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Proven track record of ending child labour

WE Charity’s commitment to ending child labour is evident and beyond reproach based on more than 20
years of dedication to working with the poorest children and families around the world. To state or
imply otherwise is simply unprofessional journalism seeking to sensationalize a story for purely self-gain
and malicious purposes.

WE Charity and its senior staff are recognized among the world’s leading experts on the issue of child
labour and are celebrated for their proven model to eliminate poverty, which is the root causes of child
labour. WE Charity team members understand the complexity of the issues, having testified before U.S.
Congressional Sub-Committees and published extensively on the issue.

In 1995, WE Charity (then Free The Children) funded an organization to build rescue homes for freed
child slaves. It was quickly evident that this strategy had little impact on eradicating child labour.
Children who were returned to impoverished families often returned to work because of a lack of
educational infrastructure, access to healthcare, or alternative income programs. By 1997, WE Charity
(then Free The Children) changed its focus to eliminating the root cause of child labour, which is
universally recognized as extreme poverty.

There is no greater solution to ending child labour than addressing poverty and WE Charity is fiercely
proud of our 20-year track record of freeing tens of thousands of children from the need to work,
through our five-pillar holistic development model that lifts their entire families out of poverty with
education, economic opportunity, clean water, health and food security. It is a fact that WE Charity and
ME to WE has provided sustainable development to eliminate extreme poverty for over million
beneficiaries, thus addressing the root cause of child labour.

How WE Charity helps communities better their supply chain

WE Charity believes that corporations have a fundamental responsibility to create a more just, humane
and equitable world.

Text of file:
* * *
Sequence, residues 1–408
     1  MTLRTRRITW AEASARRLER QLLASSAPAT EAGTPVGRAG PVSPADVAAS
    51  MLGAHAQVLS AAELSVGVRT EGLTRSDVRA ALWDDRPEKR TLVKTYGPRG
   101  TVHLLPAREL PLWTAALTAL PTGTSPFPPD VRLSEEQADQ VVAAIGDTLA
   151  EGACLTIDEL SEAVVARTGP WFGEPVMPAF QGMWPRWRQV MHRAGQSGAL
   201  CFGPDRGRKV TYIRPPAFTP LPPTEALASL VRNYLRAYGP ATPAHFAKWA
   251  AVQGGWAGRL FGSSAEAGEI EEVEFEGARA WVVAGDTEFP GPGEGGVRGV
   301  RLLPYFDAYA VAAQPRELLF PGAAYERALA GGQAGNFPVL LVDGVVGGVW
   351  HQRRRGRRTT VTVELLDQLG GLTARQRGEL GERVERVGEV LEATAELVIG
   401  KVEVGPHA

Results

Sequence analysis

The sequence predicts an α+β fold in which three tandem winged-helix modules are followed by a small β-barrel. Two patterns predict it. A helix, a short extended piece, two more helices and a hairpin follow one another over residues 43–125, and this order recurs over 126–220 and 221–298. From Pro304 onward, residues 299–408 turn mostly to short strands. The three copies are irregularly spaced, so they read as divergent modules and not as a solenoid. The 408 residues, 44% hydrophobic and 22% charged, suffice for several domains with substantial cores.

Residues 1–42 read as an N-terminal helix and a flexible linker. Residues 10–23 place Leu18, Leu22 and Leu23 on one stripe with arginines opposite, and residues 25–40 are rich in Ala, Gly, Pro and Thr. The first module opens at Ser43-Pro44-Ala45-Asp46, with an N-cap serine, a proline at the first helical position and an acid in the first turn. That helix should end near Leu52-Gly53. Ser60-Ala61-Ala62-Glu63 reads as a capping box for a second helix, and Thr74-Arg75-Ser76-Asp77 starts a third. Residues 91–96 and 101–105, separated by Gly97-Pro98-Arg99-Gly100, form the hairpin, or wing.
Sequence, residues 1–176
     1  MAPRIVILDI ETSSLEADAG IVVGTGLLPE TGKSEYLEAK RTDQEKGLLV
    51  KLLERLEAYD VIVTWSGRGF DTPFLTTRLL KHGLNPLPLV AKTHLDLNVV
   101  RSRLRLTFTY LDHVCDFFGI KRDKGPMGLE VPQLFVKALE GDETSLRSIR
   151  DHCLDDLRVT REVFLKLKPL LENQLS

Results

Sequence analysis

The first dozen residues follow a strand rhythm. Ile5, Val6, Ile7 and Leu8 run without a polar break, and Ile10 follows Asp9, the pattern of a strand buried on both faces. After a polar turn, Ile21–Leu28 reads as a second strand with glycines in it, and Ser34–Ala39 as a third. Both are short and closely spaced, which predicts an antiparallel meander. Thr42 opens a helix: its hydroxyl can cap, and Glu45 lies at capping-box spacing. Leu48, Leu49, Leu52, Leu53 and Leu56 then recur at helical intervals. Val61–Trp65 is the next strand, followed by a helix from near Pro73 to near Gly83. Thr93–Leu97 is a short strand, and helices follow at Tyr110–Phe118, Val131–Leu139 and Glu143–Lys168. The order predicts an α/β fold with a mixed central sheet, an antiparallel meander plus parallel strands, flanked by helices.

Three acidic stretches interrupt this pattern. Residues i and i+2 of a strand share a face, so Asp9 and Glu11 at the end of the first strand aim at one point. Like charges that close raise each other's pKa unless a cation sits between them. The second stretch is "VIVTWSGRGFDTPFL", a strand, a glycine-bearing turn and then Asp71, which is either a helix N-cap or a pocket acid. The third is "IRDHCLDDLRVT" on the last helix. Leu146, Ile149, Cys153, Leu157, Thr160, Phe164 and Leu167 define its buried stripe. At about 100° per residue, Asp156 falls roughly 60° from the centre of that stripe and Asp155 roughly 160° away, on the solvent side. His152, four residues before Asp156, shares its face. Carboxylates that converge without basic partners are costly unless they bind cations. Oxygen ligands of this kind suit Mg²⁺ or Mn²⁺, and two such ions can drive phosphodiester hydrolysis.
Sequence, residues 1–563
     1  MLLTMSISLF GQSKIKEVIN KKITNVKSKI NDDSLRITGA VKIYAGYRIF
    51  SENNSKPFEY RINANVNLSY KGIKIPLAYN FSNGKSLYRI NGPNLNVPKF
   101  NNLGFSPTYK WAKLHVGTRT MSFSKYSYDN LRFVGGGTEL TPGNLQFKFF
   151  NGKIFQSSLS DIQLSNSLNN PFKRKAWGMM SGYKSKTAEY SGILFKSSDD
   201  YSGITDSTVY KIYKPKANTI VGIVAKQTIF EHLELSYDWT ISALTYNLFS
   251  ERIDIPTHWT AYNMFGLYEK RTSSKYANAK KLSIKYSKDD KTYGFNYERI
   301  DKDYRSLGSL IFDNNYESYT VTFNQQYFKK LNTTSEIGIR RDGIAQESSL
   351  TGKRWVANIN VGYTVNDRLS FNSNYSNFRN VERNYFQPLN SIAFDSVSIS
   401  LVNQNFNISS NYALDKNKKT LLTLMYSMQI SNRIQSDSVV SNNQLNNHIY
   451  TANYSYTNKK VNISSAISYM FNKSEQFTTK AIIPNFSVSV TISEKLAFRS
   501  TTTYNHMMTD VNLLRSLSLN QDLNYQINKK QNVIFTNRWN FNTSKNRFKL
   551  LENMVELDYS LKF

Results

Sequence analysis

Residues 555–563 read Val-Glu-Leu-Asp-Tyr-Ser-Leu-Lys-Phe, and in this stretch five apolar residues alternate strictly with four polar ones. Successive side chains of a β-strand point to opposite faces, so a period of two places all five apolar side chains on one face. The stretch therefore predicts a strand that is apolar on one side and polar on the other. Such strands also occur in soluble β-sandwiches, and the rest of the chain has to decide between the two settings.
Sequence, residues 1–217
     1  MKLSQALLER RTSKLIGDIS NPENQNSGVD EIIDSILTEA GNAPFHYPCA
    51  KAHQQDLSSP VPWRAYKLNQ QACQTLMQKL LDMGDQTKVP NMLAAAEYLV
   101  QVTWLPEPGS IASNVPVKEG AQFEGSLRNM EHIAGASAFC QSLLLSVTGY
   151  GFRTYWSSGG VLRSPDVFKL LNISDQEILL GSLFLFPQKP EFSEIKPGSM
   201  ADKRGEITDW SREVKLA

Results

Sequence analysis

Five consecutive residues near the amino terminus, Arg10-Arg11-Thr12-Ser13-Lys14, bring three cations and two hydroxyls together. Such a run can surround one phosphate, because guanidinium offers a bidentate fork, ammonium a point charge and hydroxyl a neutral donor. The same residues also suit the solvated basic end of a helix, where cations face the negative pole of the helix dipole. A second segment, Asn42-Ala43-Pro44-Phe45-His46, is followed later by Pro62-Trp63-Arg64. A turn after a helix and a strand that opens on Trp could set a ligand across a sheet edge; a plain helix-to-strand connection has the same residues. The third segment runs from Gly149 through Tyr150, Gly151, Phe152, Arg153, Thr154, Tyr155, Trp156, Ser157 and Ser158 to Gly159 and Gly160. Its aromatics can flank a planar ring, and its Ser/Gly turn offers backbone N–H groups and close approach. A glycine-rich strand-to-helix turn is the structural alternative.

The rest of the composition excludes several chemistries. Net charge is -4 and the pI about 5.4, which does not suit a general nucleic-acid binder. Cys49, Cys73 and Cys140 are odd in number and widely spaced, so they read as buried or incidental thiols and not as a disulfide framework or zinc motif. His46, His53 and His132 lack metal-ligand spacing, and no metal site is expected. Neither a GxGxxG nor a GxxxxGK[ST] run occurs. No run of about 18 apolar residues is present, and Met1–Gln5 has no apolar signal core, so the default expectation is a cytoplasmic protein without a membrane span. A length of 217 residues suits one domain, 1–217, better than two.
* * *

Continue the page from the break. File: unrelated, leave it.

The issue of child labour in supply chains is complex. A sincere assessment of the issue recognizes that
almost every large company involved in global sourcing may have or had child labour in some element at
some point of time in their supply chain.

Given this reality, every credible voice on this topic recognizes that the true measure of a company’s
commitment on the issue of child labour is a two-fold assessment:

1. Is the company continuously seeking improvements in its supply chain, especially via third-party
verification and audits;
2. Is the company tackling the root cause of child labour by helping end extreme poverty.

WE Charity’s partnerships with these companies, which often includes working with their teams to
deepen their commitment to social responsibility, clearly works to eliminate the poverty that fuels child
labour by generating support for WE Charity and its global development programs.

Beyond the important issue of child labour, WE Charity also encourages companies to engage their
employees, consumer base, and supply chain in pro-social actions, volunteerism and campaigns that
better the world. Aligned with UN Sustainable Development Goal #17, it is critical that non-profits
engage with corporations in partnership to leverage all leavers of social impact.

WE Charity and ME to WE have strict vetting policies regarding corporate partnerships. As one example
of third-party verification, B Corp evaluated ME to WE and found the social enterprise was among the
top five per cent for its practices, including the integrity of its supply chains.

Please ensure the following is properly and clearly reflected in your reporting of any issues, claims or
allegations regarding child labour:

1. As proven through extensive documentation and third-party verification of WE Charity and ME
to WE, it would be clearly false to imply that they lack proper protocol and consideration on
matters such as the issue of child labour.
2. Any indication or inuendo that we support and/or endorse child labour directly or indirectly is